But to go back to the list of Dumaguete’s finest according to the gospel of Philippine Tatler… It was a good enough feature written by Marge Enriquez (with great photography by Wig Tysmans). But the first question that held me was: when did [a certain person] ever become a historian of Dumaguete? I bet Valentino Sitoy and Caridad Aldecoa-Rodriguez would probably disagree. Still, the Tatler story gathers a well-deserved and merry bunch that groups together such local social butterflies as Mariant Escaño-Villegas, Manolet Gonzales-Teves, Rico Absin, Chiquiting Sagarbarria, Jack and Pristine Raymond, Herminio and Victoria Teves, Victoria Del Prado-Carballo, Amanda Diago-Vicente, Irene Villanueva-Wicklein, Virginia Teves-Laurel, Maria Lourdes Vicente-Ortiz, Alexandra Teves, and Lucille Raymond-Villanueva. Most of them Teveses.

And yet I can’t help but feel that the true cross-section of Dumaguete high society has not really been fully represented in these glossy pages. Not that I’m complaining. Unlike most of the Philippines whose idea of “lordship” and “society” bears a strong Spanish aquiline nose, Dumaguete is unique with its strong American influence that has produced an upper/upper middle class of mostly non-Spanish stock (including those with Chinese roots) who holds great sway in local things political, social, economic, and cultural.

What the Spanish traditionally contributed to local high society was their sense of fabulous fiesta, especially during sipong, their annual celebration of harvest, a fête that ran from Canlargo in Bais to Tanjay to the sugar houses along Avenida de Rizal in the famous Boulevard. What the Americans brought with them was a sense of high culture, and that was when Negros learned to appreciate Shakespearean plays, operas, dances, and concerts. From Silliman University, for example, came two of the best hostesses the province has ever produced or nurtured: University First Ladies Pearl Gamboa-Doromal (daughter of an ambassador and wife of President Quintin S. Doromal) and Francisca Ruiz (wife of Chicago-based consul Leopoldo T. Ruiz who became Silliman’s first Filipino President), both of whom set the highest standards for hospitality in Silliman and the rest of Dumaguete.

Thirty or fifty years ago, Negrense society can be best described as mostly Spanish—but not so much anymore. You can feel it in the way many of the subjects in Tatler’s pages describe their daily lives: quietly living in the countryside among the sugar canes, pushing for what they call life rendered in simplicity, and staying away from the social and cultural limelight as much as they can. That’s a sad shadow of their immediate past, something I wish they can recover from, because these people—when they really want to—can really help transform Dumaguete and Negros Oriental’s future for the better. New York and Boston and Detroit and most of the best cosmopolitan cities in the world are the way they are because of strong patronage by their wealthy and their “high society” to help their hometowns attain strong footing in cultural currents. Think the Rockefellers. Think the Vanderbilts. Think the Kennedys.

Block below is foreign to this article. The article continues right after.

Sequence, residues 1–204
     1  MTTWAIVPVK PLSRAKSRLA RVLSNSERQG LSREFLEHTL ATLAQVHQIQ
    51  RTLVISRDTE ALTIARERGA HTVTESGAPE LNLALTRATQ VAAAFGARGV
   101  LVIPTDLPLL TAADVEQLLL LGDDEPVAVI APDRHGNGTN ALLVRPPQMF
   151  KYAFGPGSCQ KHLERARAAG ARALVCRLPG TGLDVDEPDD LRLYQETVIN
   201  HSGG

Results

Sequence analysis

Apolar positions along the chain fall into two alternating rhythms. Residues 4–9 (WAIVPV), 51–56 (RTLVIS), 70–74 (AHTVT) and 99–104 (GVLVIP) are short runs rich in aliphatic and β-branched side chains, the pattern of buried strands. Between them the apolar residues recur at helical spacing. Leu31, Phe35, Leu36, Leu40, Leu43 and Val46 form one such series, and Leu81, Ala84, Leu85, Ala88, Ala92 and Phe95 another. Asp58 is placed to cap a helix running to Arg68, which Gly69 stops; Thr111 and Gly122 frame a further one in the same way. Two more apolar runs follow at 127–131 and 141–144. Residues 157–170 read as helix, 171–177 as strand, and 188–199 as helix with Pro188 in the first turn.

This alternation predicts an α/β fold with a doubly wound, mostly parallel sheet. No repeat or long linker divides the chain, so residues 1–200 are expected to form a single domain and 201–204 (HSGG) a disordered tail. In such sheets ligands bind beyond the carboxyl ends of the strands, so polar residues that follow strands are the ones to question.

If I can add to that Tatler list of Dumagueteños who deserve being profiled as one of “society’s finest,” I would put in Arlene Delloso-Uypitching, who is fast becoming the best hostess around town, one who gives exclusive and very fabulous parties in her two homes in Valencia town; Dennis Trillo, favorite son and now famous matinee idol; Josie Sy-Limkaichong, who has redefined public service in the third district of Negros Oriental; Wing Del Prado, who is reasserting an artistic claim to her family’s old-name heritage; Patrick Sy Chua, who has become both first-class dentist and patisserie connoisseur; Cecille Hoffman, who spearheads local awareness for gender rights and environmental concerns; Angeline Dy, who is fast-becoming both the ice cream and computer queen in the city; Adrian Arnaiz Dionaldo, who is slowly redefining the idea of real estate in Dumaguete; Rowena Tiempo-Torrevillas, who has inherited the literary greatness of her parents, including National Artist for Literature Edith Lopez Tiempo; Heinz and Esther Windler, who are environmental stalwarts, and whose beautiful house was once featured in Architectural Digest; Karen Villanueva, Bais City’s first daughter; Dean Sinco, Foundation University’s favorite son and now sought-after architect; Mike Romero, son Miguel, and uncle Eddie Romero (our National Artist for Film), who are continuing the grand Romero legacy of the province; Laura Teves-Sy, who is the perfect marriage of the local Spanish and Chinese communities; Angel Amigo, a former fashion model who comes from old wealth; Gilbert Uymatiao, the foremost organic farmer in the province; Cahirup Armogeña, who is helping slowly regain for the family their old glory in the hotel-and-restaurant business; Pia Francisco-Sy, former Miss Silliman and sister of top fashion model Ana Francisco; Pearl Gamboa-Doromal and daughter Meg, who are practically Silliman royalty; Rajo Laurel, top fashion designer; Mike Butler, transplanted Australian entrepreneur who has made Dumaguete his home and has helped revitalize its sense of tourism and culture; Jacqueline Veloso-Antonio, one of Dumaguete’s legendary beauties who is making a reputation for herself as a savvy businesswoman; Annabelle Lee-Adriano, who has transformed Antulang into an increasingly world-class resort; Joy Sanchez-Bobon, who is one of the most successful businesswoman in the city, and is known as “the quiet entrepreneur” of Pamplona; Mel Montaño, a native son who has come home from abroad to help the city become an unlikely BPO powerhouse; and Suzanne Lu-Bascara, one of the original beauty-and-brains from Dumaguete who now wields clout as the head of a local BPO. There are countless others…

Which just means that, even more than sugar cane people, Dumaguete absolutely teems with “high society” who truly makes things matter in this city of gentlest people, dahlings.